Wednesday Wisdom from Cynthia Rubio, President & CEO of Radiant RFID
We’re halfway through the week, and it’s time for a boost of inspiration to keep us going. Our #WednesdayWisdom blog series taps into the minds of industry leaders and disruptive visionaries who are working to build the future of entrepreneurship.
We sat down with Cynthia Rubio, President & CEO of Radiant RFID, to discuss the state of women in tech, the benefits of being a momtrepreneur, and the future of Latino startups.
How has being a woman entrepreneur in the tech world changed since you launched Radiant RFID in 2004?
I don’t know that it has changed a whole lot, except that I’m older now! There still aren’t a lot of women tech entrepreneurs and very few that get funded. One thing that I do notice is that there are successful women who have now become investors. Women helping other women can have an enormous impact on our collective future. While the number of women in tech fields hasn’t risen substantially in the 25 years of my career there are more STEM programs for young female students and I’m hopeful that over time it will give women the opportunity of choice.
How have you made sure that your company stays cutting-edge amid the rapid advancements in technology over the past decade?
Staying on the forefront of technology is a company effort; it requires everyone staying informed on new technologies and coming up with new ideas on how to apply what we are seeing and hearing about. It’s about constant improvement in every solution.
As someone with a technology and engineering background, what are your thoughts on women entrepreneurs launching startups with no tech background, especially when it’s critical to their company?
There are many pieces to the entrepreneurial puzzle; technology is only one of them. It doesn’t matter if you are male or female you are not going to be an expert or even well trained in all the areas that it takes to run a company. If you are launching a startup you’re probably motivated and capable in your field. Find capable people to fill in the gaps; if technology is a gap, fill it, if legal is a gap, fill it. But don’t second guess yourself because you don’t have a tech background. You’ll be surprised at what you learn along the way.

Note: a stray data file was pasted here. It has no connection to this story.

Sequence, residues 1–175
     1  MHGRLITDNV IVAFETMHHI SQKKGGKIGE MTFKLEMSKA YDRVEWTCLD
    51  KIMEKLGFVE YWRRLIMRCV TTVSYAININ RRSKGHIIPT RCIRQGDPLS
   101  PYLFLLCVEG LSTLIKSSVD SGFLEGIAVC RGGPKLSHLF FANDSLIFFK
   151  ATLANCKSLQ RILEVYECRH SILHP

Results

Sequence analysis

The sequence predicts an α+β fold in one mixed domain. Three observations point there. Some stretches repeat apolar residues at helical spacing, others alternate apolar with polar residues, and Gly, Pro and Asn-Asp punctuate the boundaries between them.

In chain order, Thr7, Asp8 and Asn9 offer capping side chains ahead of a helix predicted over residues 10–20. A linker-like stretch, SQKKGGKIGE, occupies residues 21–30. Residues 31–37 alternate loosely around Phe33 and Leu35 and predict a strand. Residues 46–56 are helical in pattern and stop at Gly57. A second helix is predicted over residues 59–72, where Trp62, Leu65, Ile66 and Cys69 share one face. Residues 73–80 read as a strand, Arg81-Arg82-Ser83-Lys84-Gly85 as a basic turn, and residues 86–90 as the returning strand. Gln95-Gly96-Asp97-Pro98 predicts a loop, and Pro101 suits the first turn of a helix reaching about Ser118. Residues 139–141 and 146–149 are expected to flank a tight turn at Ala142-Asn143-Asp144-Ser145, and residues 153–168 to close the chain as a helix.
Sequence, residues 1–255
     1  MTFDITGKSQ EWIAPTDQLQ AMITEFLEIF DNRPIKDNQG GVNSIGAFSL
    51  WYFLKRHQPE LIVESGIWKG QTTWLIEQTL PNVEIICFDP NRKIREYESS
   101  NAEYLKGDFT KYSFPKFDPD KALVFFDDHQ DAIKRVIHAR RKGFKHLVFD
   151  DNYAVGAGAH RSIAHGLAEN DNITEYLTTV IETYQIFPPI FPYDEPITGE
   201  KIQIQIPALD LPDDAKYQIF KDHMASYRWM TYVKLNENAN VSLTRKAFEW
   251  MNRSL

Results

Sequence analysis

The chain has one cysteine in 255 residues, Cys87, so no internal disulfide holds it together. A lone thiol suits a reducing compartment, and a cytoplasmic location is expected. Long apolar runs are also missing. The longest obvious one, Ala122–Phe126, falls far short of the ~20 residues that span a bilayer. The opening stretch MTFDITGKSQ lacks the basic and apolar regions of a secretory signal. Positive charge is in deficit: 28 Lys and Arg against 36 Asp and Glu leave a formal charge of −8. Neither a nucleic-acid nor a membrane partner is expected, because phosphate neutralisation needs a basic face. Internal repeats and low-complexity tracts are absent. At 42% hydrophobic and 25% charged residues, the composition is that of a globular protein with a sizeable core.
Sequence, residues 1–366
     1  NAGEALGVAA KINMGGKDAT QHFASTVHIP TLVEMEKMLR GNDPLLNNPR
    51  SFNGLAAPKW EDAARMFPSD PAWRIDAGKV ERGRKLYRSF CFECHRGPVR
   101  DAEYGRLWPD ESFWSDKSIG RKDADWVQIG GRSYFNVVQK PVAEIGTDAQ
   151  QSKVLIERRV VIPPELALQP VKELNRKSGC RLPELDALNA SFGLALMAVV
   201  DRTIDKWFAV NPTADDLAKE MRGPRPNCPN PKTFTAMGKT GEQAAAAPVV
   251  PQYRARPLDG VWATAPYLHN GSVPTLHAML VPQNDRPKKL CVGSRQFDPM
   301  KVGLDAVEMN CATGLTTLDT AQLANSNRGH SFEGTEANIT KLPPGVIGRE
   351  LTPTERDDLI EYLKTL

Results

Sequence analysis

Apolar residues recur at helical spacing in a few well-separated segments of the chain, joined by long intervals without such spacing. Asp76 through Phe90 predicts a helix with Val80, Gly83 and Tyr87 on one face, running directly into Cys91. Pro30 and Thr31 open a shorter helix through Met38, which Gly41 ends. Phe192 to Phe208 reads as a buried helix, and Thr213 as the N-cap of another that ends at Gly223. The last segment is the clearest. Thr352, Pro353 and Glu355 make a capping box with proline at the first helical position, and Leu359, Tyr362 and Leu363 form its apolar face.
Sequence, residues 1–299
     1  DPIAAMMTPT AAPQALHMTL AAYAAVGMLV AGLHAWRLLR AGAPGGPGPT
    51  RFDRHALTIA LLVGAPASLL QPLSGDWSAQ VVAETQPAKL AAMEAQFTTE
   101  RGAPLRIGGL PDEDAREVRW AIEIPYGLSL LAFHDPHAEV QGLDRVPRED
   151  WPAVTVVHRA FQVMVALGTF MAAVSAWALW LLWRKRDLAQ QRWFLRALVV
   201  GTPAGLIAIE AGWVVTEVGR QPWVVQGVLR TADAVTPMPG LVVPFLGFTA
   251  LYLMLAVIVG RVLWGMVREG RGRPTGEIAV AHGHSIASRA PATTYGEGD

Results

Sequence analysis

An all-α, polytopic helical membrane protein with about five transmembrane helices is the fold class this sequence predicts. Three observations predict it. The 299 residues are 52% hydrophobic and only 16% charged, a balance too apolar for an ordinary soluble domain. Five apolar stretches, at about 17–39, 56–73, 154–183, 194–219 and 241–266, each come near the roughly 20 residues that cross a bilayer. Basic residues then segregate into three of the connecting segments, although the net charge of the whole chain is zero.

You started your company as a stay at home mom. What were the benefits to that, and the challenges? What advice do you have for stay at home moms who have a burning business idea?
The benefit of starting as a stay at home mom is that you are not tied to financial compensation because you’re not being paid, so it’s not as risky. When I was an at home mom my kids were young and our schedule was flexible. The challenging part is that people may not take you seriously, or think of you as ‘mom and pop’ when you have visions for something bigger. My advice to everyone is that we should be doing things that we enjoy; you can enjoy your family and your personal interests, no matter what they are and staying at home can provide you flexibility until you can put more time into your business.
How do you think your business would be affected—positively or negatively—if it was located in Silicon Valley instead of Austin, Texas?
It would have been very difficult for us had we been in Silicon Valley 12 years ago, particularly because we did not have any outside funding. SV salaries would have been challenging initially. Not having lived in Silicon Valley it’s hard to really say, it’s a powerhouse for startups and that probably would have been something positive. There are always trade-offs.
You spoke this year at SXSW about the future of Latino Startups. What are some important things happening in this space?
Similar to what we are seeing with women investors; we are also seeing more Latino investors, and Latino investment groups. Additionally, I believe there are Latinos who have risen through the corporate world and decided to venture on their own.
For an extra dose of #WednesdayWisdom, read our interview with Caroline Ghosn, Founder & CEO of Levo. We discuss the importance of mentorship, navigating the unwritten rules of the workforce, and how you can be a good role model to others.